The Inbetween Days

Pub Date:   |   Archive Date: 25 Mar 2019

Member Reviews

Graydon House and NetGalley provided me with an electronic copy of The Inbetween Days.  I was under no obligation to review this book and my opinion is freely given.

The story begins with main character Rosie Cooke stepping in front of a bus, resulting in a coma and many questions as to whether it was intentional.  As her younger sister Daisy searches for the truth, Rosie herself travels in the inbetween with the help of people from her past.  As Rosie discovers where she went wrong, will Daisy uncover the truth behind the collision with the bus?

The problem with writing a book that has a similar theme to other publications or movies is the pressure to do it better.  Unfortunately, The Inbetween Days misses the mark for me.  With so much of the time in Rosie's past, the emotion behind what is happening to the woman is largely absent.  The revelations that Rosie experiences about her life would have been more gripping had the book not been back and forth between time and perspective.  I was not drawn to the character or her story, nor was I pulled into Daisy's personal drama.  Books like If I Stay and A Christmas Carol were stronger than The Inbetween Days overall and I could not help playing the similarities over in my mind as I read.  For these reasons, I would be hesitant to recommend The Inbetween Days to other readers.
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An uplifting life affirming story about the little things in life!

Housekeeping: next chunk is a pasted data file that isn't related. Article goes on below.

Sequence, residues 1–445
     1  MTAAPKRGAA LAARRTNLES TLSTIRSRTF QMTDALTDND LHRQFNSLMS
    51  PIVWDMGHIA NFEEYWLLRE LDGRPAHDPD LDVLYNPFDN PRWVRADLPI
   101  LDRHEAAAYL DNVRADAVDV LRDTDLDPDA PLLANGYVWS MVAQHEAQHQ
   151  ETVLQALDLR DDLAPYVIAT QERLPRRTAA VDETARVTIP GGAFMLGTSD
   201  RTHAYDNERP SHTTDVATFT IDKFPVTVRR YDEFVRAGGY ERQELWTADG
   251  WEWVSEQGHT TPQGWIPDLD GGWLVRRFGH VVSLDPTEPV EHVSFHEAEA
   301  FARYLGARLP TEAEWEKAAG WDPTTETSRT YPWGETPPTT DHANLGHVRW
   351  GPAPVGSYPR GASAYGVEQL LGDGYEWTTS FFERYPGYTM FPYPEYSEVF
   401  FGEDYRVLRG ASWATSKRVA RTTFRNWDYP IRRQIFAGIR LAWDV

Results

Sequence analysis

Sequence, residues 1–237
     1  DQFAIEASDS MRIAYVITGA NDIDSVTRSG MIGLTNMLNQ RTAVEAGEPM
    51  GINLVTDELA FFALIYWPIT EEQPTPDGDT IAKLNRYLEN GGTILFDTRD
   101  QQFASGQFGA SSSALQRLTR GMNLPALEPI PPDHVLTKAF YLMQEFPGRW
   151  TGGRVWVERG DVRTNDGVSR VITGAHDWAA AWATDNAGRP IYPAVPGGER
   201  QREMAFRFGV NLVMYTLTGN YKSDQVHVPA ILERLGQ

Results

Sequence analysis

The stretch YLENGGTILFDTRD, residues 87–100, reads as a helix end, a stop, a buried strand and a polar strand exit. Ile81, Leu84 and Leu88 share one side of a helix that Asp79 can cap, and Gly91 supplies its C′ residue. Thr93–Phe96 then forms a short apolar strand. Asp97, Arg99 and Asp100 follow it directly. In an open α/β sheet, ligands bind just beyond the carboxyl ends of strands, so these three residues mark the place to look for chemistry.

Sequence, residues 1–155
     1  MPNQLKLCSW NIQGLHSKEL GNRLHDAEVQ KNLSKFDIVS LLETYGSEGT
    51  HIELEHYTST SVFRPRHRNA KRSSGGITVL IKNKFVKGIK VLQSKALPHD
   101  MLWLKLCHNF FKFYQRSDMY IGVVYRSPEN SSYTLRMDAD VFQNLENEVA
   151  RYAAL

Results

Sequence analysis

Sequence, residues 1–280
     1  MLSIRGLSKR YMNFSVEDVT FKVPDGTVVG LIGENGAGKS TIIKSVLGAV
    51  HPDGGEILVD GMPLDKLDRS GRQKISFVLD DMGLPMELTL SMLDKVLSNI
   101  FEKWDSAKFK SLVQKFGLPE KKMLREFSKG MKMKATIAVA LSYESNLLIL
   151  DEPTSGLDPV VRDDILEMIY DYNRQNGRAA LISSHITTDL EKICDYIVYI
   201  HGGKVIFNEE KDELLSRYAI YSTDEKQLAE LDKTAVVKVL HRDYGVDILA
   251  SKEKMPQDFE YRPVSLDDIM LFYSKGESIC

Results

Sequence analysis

WOW! This book was an unexpected gem of a story! A book about how it is the little things in life that can make the biggest impact... how sometimes your small actions can influence not only your own life but that of others... how little acts of kindness can spiral into big successes... just think about it the next time you give that stranger a smile it might alter the course of their life and for the better... kind words to a stranger might lead to a great invention... telling your BFF that her new haircut is fabulous might lead to her meeting the man of her dreams that night, you just gave her that much more confidence.... just saying it’s those small things that can impact a persons day, of course it could happen adversely as well, but we’re staying positive here! Don’t worry this is not a philosophy book, it is a well-crafted story that will give you a really positive vibe about life and make you want to run out and be thoughtful about your interactions with others....

Eva Woods has written an engaging and beautiful story that sucked me in from page 1... Rosie is hit by a bus and put in a coma... she has no recollection of the accident, the events leading up to the accident,  she has no memory at all... we the reader are privy to her inner thoughts as she begins to piece her past together... this part of the book jumps around and can be a little jarring at times, Rosie does not regain her memory in a linear fashion... she also has a bit of a spiritual guide to help her puzzle The pieces of her life back together... this part of the book slightly reminded me of “A Christmas Carol,” could also be that I was reading it at Christmas time.... rosie’s sister Daisy also plays a very important part in this book... not only is she right by Rosie side willing her to come back to her, but she also has her own life issues to deal with... I thought how the sisters stories were woven together was seamless and perfect...